Back in the convent in Tijuana, Cristina learned all she could about cooking Mexican food.  “I didn’t know anything about Mexican food. I knew about cooking, but I didn’t know the first things about how to make a green sauce.”

Cristina affirms that her two main passions in life are food and politics and though she insists the former is “neutral” while the latter is left leaning, her thoughts on GMOs seem to go the same way as her politics. “GMOs mess up the regional cuisines.  Those Monsanto crops, the corn, can cross-pollenate with the native criollo corn. The problem is that the GMO corn is infertile. The seeds are saved from one year to the next, and if the seeds are not fertile, the criollo corn will die off.  Plus, you can’t make a Oaxacan dish with corn from Michoacán. These corns are specific to their region. Those three color tortillas are not gonna happen if the criollo corn disappears!” Her passion for food and politics merge, and Cristina Potters´s love for Mexico is as clear as mezcal joven. Her love for learning translates easily into a love for education and sharing knowledge.  She asks me if I know how to pick out Chinese chile de arbol.  “Chinese chile de arbol?” I am incredulous.  She nods and explains. “If there is no stem, or seeds and it is flat, you can be sure those chiles are Chinese.  They pick off the stems, so there is no excess weight and the same with the seeds. They are flat because they are packed tight.  These chiles are flavorless and bland.” And what about jamaica flowers, she asks me. “The jamaica flower is also being imported from other countries like The Sudan.  The jamaica flower that is dark purple is usually Mexican but ask your marchante if it is nacional.”  Buy local and national food. Now those are political ideals I can get behind and, happily put in my mouth.

Cristina Potters lives in Mexico City with her wife, cellist Judith McKnight. She writes regularly for her blog, Mexico Cooks!

Wednesday, May 28, 2014

American Food and Old Mexico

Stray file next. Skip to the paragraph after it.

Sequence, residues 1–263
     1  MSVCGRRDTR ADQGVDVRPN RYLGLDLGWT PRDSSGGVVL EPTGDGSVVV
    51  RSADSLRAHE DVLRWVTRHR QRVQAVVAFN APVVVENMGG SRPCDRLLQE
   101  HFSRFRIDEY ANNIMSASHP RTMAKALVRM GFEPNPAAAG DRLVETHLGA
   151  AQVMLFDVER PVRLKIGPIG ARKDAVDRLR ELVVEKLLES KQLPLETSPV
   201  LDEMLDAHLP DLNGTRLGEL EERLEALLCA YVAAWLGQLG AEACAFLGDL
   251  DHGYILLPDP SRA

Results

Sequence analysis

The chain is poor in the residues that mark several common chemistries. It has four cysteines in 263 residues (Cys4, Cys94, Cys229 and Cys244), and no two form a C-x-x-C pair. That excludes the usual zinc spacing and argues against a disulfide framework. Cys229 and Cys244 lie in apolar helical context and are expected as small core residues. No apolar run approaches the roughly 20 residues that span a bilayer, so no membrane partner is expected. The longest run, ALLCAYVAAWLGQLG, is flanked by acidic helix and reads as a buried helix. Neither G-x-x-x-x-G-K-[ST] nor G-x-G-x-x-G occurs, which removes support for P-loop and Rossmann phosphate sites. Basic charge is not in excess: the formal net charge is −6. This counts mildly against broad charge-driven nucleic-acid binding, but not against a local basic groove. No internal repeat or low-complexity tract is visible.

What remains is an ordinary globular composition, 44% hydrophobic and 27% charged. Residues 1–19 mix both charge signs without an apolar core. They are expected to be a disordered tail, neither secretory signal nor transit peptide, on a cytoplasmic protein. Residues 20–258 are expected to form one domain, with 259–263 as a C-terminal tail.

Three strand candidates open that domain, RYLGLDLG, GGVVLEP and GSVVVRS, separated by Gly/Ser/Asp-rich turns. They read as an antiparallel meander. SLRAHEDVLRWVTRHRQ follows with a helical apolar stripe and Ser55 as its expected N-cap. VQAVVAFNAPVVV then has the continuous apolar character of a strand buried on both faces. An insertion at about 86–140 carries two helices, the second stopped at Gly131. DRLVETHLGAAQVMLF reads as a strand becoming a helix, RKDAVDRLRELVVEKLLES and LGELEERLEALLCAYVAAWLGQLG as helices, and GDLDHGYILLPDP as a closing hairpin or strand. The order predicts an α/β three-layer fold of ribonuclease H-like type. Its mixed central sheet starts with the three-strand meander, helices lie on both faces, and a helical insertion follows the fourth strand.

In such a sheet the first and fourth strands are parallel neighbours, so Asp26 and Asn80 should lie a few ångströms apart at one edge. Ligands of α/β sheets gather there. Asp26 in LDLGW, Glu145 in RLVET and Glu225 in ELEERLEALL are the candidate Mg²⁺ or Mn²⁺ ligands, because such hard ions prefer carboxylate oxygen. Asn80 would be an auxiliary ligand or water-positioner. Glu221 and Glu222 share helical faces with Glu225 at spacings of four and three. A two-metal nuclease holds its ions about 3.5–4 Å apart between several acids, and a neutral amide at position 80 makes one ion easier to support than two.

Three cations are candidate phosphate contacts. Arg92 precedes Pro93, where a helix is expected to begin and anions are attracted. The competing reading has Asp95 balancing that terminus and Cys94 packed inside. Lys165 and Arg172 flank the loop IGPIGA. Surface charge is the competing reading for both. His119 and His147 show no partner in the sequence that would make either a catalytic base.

With yet another Memorial Day weekend has come and gone, I´d like to pause a moment and reflect upon the definition of American food. American food  is as varied as it is hard to define.  From beignets to burritos, barbecue to clam chowder, American food is nothing more and nothing less then a hodge podge of flavors, ingredients and culinary traditions from around the world.  

Keeping that in mind, take a look at this map showing the pre-1848 war US-Mexican border.  Then appreciate how much of America is really not that "American" after all.  After the war, basically from one day to the next, a large portion of Mexico became a part of the United States. Which means the food that people ate did the same, it stayed in the same communities but with a different name. The border might have moved but the people didn't. So the next time someone offers you some "good, old fashioned American" food, ask them which kind of tacos they have. 

Note: My apologies to those who caught my mispelling of beignets, just thinking about them makes me lose focus....

Tuesday, May 13, 2014

Online Learning: Effective Thinking Through Mathematics

Readers on this blog know that I am an online education advocate, having been an online instructor and a MOOC student for several years now. I have been asked to review a website that helps you learn languages in an easy and entertaining manner, so keep an eye out for that post.